This one was a fitting--and winning--conclusion to a series that had started to drag on a bit. Many of the problems with the previous two books are absent in this one and I felt that there was an improvement to the writing overall. (In all honesty, I think the events in books four and five could have been condensed down to one book.) Plotwise there are some interesting twists, and of course, Simon, a character who is as brave as he is under-appreciated by his so-called friends, sacrifices the most for the greater good. Without giving too much away, I do wonder if perhaps what Simon really gained toward the end was freedom. The novel also introduces a number of key characters from The Dark Artifices, another series featuring Shadowhunters penned by Cassandra Clare. (At present Clare has written three interconnected series, The Mortal Instruments, The Infernal Devices and The Dark Artifaces series. All feature Shadowhunters and are set in different eras and cities.)

It was also delightful to see Jocelyn get some closure after all that she had suffered.

A fitting conclusion. Recommended.


Tuesday, 19 June 2018

Happy Birthday Garfield!



Well, today is June 19 and as is traditional on this blog, I'm posting to wish Garfield the cat a very happy birthday. Of course, only a few people know why I do this every year, but for those who do know, it makes perfect sense. Anyway, this year, the Garfield comic strip, which debuted on June 19 1978 turns forty, making the tubby tabby forty years old. His owner, John, is probably in his seventies by now, but that's the magic of comics ... Garfield and Jon don't have to age in real time.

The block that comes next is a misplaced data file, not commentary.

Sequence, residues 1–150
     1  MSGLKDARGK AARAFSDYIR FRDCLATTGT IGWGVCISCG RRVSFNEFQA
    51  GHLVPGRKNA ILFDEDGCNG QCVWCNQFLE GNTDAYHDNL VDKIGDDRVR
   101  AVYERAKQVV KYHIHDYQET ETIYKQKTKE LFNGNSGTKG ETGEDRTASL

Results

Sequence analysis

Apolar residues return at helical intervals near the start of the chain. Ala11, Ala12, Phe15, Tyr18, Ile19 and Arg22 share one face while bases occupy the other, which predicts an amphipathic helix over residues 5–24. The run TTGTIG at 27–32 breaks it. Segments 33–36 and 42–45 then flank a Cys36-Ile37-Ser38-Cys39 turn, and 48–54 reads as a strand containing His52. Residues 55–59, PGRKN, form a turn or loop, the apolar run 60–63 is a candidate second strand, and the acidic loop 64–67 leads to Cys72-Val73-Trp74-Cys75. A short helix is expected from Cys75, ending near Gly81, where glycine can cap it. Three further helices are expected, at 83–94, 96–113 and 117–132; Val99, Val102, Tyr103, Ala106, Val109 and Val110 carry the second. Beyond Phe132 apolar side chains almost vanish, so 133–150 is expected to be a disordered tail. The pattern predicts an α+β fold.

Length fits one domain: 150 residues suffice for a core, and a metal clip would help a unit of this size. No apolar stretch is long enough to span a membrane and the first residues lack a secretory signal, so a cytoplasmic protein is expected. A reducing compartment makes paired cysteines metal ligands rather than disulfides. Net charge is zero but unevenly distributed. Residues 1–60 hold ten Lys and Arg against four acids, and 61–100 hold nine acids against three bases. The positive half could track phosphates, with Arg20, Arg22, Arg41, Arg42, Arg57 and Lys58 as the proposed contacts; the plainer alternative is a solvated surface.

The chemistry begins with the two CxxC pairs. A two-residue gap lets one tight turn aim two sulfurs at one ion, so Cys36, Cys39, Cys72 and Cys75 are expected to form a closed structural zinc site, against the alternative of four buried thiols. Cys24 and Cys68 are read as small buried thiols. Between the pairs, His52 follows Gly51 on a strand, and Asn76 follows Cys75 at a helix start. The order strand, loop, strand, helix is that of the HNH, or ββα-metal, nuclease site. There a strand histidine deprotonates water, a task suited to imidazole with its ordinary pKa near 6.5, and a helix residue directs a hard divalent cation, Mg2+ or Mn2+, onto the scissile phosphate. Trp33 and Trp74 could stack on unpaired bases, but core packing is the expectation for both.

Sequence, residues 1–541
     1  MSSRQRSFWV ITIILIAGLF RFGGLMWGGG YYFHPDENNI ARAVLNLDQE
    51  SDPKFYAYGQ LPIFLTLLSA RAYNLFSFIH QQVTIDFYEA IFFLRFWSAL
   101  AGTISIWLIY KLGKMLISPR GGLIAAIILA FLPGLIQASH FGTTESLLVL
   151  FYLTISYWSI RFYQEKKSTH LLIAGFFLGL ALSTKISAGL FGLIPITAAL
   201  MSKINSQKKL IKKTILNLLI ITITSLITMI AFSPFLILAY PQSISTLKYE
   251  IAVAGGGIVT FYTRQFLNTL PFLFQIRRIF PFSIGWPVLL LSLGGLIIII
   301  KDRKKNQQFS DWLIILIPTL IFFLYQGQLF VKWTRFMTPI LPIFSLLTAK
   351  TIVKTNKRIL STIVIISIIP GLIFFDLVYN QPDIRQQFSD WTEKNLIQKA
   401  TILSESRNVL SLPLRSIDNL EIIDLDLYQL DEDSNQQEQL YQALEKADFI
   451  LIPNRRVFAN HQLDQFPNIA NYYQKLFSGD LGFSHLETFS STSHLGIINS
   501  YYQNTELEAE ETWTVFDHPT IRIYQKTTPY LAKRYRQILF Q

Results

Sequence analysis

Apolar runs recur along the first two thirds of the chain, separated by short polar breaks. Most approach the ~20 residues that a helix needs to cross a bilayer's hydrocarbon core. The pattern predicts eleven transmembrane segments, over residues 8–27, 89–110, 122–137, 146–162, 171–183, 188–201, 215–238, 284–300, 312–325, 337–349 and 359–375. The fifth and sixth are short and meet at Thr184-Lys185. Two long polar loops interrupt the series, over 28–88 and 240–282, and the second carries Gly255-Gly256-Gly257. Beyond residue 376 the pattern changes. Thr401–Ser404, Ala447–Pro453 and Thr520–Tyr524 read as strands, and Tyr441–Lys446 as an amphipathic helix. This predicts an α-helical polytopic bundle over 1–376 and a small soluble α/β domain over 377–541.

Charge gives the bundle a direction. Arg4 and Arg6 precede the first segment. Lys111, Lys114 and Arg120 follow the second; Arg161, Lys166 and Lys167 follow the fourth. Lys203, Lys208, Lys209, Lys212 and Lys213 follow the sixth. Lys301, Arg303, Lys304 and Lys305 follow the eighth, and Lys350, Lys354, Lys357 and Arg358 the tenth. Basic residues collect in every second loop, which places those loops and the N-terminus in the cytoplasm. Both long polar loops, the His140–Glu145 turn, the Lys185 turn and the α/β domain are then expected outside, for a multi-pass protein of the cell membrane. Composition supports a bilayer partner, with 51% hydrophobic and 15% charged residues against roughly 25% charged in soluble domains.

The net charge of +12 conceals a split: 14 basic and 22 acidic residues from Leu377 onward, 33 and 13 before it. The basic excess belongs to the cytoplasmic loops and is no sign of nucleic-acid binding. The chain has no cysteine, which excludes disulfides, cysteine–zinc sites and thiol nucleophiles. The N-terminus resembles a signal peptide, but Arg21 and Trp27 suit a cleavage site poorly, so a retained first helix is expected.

Monday, 18 June 2018

Review: If Kisses Cured Cancer by T.S. Hawken

If Kisses Cured Cancer is a breath of fresh air in a market over-saturated with stories of young love that tell the same story over and over again. Matt is twenty-five, working a job he hates and feeling a bit uninspired about life in general. Then one day at the supermarket he encounters Joy ... who is busy stealing other people's shopping trolleys. The pair make a connection and go on a series of unpredictable dates, all of which change each others lives for the better. Then Joy's past catches up with her, and it may just tear this pair of young lovers apart forever ...

Told from the perspective of Matt, this is a hilarious story of a young man whose unhappy life is slowly changed for the better by a combination of choice and circumstance. There are some truly laugh out loud moments--such as their trip to the fish and chip shop, or what they get up to at the airport (not what some readers may think.) There are some sound morals about changing the patterns in your life. Joy's story is, of course, quite heartbreaking, though she remains true to herself until the very end ...

An enjoyable read, sure to be loved by a variety of readers. Recommended.

This book was read as part of the Aussie Author Challenge 2018

Thank you to author T.S. Hawken for my copy of If Kisses Cured Cancer.

Saturday, 16 June 2018

Review: Marge and the Secret Tunnel by Isla Fisher